A note about my son's behavior
I wrote of my son's rage and anger when he was six. He is 10 now, and this extreme behavior is much less frequent. My son is usually happy and good-natured, but yes, he still has his moments of anger.
The anger and defiance in my son may seem extreme to an outsider, but the frequency of Lee’s rages is diminishing.
And no, you cannot spank the autism out of a child.
Do you hate goldfish, Mom?
Do you hate goldfish, Mom?

A little anecdote about goldfish and hate

Do you hate Goldfish, Mom. Do you? Do you hate them? Crush them!" This is my son's response after I had said "no, thank you" when he offered me a Goldfish cracker. Now he wants to know why... If I don't want to eat one, he thinks I must hate them.
At eight-years-old, my son is trying to figure out emotions such as love and hate. In his mind, if someone shows any negativity towards something or someone, then hate must be involved.
If I tell him to stop smacking our German shepherd, I will hear "Do you hate me, Mom? Hit me, kill me, Mom." The same thing happens when I correct the dog: "Do you hate him, Mom? Hit him, kick him."
It is exasperating to have to explain that no, I do not hate whatever, nor do I want to hurt it, kill it or throw it in the garbage. It also confounds me that he equates rejection or discipline with anger - anger so profound that whatever is being rejected must be destroyed.

This is the most frustrating part of my son's autism right now. I wish I could peek into his brain and read his thoughts. Where does the violence come from? Why can't he understand that the world is not black and white? Emotions do not come down to just love or hate. There is a whole world of grays I wish he could see.
Until then I must patiently explain that no, I do not hate Goldfish. I just do not care to eat one right now.

Self injury


HEAD BANGING

My son’s first self-injurious behavior as a toddler was head-banging. He would bang his head against walls, floors or furniture, and he would do it for 20- 30 minutes at a time. I sometimes knew what set him off, but at other times I had no clue as to why he was hurting himself. He had not been diagnosed with autism at the time.
Many children exhibit head-banging as toddlers, but after a few incidences of not getting parental reaction, they will usually stop. I ignored my girls when they did this and it worked well. Not so with my son. “Lee” has a seemingly high tolerance to pain, and as long as he doesn’t bleed, he can tolerate injuries that would make a normal child cry.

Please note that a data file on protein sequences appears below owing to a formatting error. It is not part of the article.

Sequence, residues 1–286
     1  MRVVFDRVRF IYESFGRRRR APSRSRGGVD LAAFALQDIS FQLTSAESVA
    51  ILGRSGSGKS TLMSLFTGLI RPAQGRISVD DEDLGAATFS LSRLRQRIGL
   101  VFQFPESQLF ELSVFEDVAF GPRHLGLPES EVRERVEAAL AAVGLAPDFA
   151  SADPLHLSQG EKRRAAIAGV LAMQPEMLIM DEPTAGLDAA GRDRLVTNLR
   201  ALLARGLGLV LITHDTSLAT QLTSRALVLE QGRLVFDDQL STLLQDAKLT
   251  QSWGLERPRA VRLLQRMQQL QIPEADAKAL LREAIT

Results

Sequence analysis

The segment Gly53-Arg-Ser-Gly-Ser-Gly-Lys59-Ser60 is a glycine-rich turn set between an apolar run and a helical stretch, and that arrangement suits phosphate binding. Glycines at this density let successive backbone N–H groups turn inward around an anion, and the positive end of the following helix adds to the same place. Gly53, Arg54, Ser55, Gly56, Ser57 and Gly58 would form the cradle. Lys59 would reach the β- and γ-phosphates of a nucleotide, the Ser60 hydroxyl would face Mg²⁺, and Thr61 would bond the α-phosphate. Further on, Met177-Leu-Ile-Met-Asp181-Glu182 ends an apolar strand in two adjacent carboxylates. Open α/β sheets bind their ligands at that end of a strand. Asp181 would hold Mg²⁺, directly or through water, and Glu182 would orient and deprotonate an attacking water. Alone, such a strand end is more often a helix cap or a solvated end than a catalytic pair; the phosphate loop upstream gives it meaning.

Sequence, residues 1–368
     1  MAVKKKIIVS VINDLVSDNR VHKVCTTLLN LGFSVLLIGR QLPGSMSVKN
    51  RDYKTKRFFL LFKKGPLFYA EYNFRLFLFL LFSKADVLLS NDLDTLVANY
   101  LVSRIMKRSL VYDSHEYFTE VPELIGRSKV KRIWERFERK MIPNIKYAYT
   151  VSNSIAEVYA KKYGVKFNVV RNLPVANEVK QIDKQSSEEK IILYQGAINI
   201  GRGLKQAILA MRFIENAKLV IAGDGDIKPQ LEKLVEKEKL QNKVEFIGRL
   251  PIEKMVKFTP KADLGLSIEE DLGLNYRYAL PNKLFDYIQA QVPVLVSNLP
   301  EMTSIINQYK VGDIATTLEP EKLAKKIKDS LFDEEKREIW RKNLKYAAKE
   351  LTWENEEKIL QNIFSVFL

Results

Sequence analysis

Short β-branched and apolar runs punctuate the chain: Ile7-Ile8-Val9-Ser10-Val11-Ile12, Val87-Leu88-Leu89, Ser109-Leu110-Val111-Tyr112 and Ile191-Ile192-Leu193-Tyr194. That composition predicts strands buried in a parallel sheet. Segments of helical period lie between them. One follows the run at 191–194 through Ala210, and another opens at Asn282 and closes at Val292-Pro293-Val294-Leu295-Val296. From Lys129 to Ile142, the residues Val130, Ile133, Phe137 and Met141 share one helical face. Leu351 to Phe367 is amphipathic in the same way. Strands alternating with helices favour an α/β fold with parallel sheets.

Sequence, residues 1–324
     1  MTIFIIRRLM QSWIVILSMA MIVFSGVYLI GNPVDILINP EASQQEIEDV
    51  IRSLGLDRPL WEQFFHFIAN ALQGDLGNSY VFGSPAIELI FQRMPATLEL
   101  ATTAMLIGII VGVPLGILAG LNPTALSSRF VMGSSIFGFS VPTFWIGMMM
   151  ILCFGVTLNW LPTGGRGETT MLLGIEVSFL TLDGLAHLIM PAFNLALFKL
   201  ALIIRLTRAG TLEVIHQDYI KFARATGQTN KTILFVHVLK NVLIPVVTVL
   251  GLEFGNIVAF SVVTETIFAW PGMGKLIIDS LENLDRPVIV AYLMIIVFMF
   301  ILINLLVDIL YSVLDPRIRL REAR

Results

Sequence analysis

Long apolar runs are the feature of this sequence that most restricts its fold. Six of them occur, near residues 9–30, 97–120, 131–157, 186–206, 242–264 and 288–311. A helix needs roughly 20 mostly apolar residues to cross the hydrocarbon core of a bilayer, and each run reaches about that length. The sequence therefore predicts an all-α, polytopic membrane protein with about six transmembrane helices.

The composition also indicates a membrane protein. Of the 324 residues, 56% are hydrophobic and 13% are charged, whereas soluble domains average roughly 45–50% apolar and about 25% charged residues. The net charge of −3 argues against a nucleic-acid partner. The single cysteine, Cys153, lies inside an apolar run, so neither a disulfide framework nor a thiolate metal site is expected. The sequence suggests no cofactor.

PUNCHING, SLAPPING, AND CHOKING

As Lee has matured, the head-banging has become self-injurious slapping, punching, scratching, and trying to choke himself. When things have devolved to this point, I wrap him in a blanket and let him scream and curse until he calms down. It may take up to 30 minutes for his emotional meltdown to play itself out.
According to the National Institute of health, researchers looking at those with autism spectrum disorder found that approximately 50% engage in some form of self-injurious behavior.

Destructive behavior

Lee’s anger is directed outward, too. Frustration with a toy will result in the toy being thrown or beaten on the floor. If the toy is broken in the process, Lee will then break down and cry over the broken toy. He’s also put holes in walls, marred furniture, and broken dishes during a rage.
My 130 pound German Shepherd is also a source of my son's violent outbursts. When the dog knocks over a toy, my son must be kept from beating on the dog while he yells, "Stupid waggle-tail. I'm going to kill you!"

Intolerance to minor annoyances

The magnitude of my son’s anger over seemingly insignificant occurrences astounds me. If he cannot get his building blocks just so, he will slap himself. Tripping over a truck causes him to get angry at the truck. If he runs into the wall, it is the wall’s fault and he will slap and yell at it. In Lee’s world, everything must be perfect or it upsets his equilibrium. There is only black or white in his world – no grays.


Anger in a child with Aspergers

About Autism: What to Do if you Think Your Child May be Autistic


If you suspect your child is autistic, you may not know what to do. I have compiled a list of what I did when I first thought my son was autistic.
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My son at age four.
My son at age four.
Source: Author's photo

Trust your instincts

I knew something was “off” with my son when he was about 8 months old. At first, I chalked it up to his being a boy – after all, he had two older sisters and boys are different creatures than girls. Later the guilt set in: I returned to work too soon, I wasn’t being a good mom, I was being too strict or not strict enough.
But by age two and with my son having a significant language delay, I could no longer shrug it off to "bad parenting." I had to seek answers for my son and myself.
Don’t let your self doubt delay help for your child.

Speak up!

Tell the pediatrician, the nurses, local mental health providers, everyone. You want documentation of all the symptoms you are concerned with in as many places as possible. This will help when your child is eventually tested.

Keep a journal of all your concerns